platon's photo lighting for bill clinton esquire on guess the lighting blog

ted sabarese photo lighting diagram of bill clinton on guess the lighting blog

copyright, Platon.

This was Clinton’s last official portrait as president, created with 1 light for Esquire. After a session of typically presidential posing was complete, Platon asked Clinton to “show him the love.” The result caused a stir in the political mediasphere. Bob Woodward said on Larry King Live that, “the tie is an arrow pointing to his penis, his legs are splayed to present his crotch to us, his hands are big to grope you, and he’s smiling in a way to say I got away with it.”

Camera: Hasselblad 553ELX with 30mm fisheye lens and Kodak Portra film. Shot at 1/60, f8, ISO 100.

Lighting: The key, and only, light is a small softbox at f8 directly over camera. Although it seems that another light is aimed at the background, I’m guessing this effect was created in post.

Comments: To break the ice, Platon tried teaching the president some cockney rhyming slang. Bill just laughed and said, “you said cockney.”

gavin bond's photo lighting of zach braff on guess the lighting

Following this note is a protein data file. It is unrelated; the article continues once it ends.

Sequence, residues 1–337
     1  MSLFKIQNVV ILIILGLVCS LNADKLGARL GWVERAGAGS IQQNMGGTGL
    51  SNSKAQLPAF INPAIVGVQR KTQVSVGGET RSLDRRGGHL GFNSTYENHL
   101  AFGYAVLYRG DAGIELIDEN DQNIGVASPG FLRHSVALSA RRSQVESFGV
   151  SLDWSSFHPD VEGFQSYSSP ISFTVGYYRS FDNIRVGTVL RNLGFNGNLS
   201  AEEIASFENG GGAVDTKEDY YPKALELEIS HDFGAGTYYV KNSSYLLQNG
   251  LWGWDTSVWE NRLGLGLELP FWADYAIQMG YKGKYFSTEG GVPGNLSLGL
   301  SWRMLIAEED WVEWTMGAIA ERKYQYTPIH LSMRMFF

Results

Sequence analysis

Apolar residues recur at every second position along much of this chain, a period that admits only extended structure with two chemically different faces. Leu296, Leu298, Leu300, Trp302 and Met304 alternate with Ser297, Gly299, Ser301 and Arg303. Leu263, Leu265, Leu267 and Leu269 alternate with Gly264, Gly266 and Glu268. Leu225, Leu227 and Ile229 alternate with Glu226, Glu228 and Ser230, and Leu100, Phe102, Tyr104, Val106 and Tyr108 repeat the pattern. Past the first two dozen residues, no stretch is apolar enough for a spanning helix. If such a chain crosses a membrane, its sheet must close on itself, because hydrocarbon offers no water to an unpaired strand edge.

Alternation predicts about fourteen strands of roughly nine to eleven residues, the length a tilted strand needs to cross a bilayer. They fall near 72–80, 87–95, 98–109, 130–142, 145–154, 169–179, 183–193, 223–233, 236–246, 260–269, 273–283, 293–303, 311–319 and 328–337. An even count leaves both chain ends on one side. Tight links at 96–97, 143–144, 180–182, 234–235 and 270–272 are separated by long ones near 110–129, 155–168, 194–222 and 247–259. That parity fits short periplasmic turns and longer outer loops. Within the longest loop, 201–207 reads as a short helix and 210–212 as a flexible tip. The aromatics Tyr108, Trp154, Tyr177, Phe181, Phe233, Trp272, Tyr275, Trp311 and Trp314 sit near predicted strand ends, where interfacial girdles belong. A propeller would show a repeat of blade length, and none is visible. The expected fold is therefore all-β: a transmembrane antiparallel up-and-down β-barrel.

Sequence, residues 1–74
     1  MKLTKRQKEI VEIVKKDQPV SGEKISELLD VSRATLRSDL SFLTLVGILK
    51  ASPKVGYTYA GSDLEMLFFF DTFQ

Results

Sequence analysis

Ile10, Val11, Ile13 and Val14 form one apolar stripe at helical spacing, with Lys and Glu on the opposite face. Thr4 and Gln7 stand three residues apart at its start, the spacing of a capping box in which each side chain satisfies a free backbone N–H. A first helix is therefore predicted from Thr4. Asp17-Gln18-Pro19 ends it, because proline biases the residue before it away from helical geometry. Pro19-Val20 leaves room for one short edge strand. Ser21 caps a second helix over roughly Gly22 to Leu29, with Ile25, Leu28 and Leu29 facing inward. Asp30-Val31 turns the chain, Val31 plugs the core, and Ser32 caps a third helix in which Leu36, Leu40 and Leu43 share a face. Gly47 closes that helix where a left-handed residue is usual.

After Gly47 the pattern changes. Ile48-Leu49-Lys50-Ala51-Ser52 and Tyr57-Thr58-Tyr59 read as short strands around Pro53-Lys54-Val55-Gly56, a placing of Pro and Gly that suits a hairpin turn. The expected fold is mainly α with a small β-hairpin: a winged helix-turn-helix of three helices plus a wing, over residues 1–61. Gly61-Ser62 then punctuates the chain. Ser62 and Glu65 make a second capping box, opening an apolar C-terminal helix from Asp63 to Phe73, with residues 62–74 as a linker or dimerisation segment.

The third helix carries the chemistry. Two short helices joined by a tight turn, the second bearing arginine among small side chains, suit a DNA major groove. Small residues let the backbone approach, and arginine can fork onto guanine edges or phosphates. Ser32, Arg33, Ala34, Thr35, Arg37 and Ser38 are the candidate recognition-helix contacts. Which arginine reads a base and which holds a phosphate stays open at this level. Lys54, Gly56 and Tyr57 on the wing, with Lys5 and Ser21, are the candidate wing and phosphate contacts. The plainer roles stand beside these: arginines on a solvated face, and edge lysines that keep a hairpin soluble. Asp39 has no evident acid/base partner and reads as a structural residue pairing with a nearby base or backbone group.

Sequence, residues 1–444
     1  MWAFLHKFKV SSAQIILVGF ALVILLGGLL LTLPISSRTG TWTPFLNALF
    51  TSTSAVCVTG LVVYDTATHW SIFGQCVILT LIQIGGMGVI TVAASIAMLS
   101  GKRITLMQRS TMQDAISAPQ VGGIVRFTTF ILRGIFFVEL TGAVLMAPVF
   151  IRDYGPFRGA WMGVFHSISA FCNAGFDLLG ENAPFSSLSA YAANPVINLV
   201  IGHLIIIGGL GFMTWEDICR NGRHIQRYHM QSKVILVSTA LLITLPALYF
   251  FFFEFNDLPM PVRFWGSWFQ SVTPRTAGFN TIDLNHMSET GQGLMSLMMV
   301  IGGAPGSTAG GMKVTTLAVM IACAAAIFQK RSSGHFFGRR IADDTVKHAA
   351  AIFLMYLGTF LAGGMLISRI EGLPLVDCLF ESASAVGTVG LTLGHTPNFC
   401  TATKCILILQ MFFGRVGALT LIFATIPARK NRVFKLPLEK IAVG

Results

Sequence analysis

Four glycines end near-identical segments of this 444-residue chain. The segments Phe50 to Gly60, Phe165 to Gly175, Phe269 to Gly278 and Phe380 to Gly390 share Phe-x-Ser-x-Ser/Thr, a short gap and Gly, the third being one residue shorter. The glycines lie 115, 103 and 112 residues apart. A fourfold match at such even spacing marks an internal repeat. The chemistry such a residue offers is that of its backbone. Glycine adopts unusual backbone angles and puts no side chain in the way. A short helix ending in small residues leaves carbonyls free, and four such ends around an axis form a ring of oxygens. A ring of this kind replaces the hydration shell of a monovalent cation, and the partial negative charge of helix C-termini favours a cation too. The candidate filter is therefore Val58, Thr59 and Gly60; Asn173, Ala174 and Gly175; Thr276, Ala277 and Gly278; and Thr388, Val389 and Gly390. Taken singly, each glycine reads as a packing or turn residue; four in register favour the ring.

ted sabarese photo lighting diagram of zach braff on guess the lighting

copyright, Gavin Bond.

This cinematic portrayal of Zach Braff atypically kicking ass in a barroom brawl was for the March 2006 issue of Giant. Gavin used 4 lights (and a large imagination) to make it happen.

Camera: Canon 1Ds Mark II with 35mm lens, position on a tripod 8 feet back from Zach. Shot at 1/100, f11, ISO 100.

Lighting: Although Gavin uses both HMIs and strobes in his photography, I’m guessing this image was all strobe (if you look closely, you can see hints in the reflections on the back wall and in the TV). The key light is a 72” octabank at f11 positioned 8 feet to camera left and 8 feet high. A medium octabank at f8 1/2 (- .5 stops) with the top third flagged is placed out of frame to camera left, near the man on the bar stool. A standard reflector with a full CT orange gel at f8 1/2 (-.5 stops) is behind the wall, near the cigarette machine, bounced straight into the ceiling. A 7” grid reflector with a 30 degree grid at f16 (+1 stop) and a full CT orange gel is out of frame to camera right, shoulder-height to Zach and nearer to the back wall.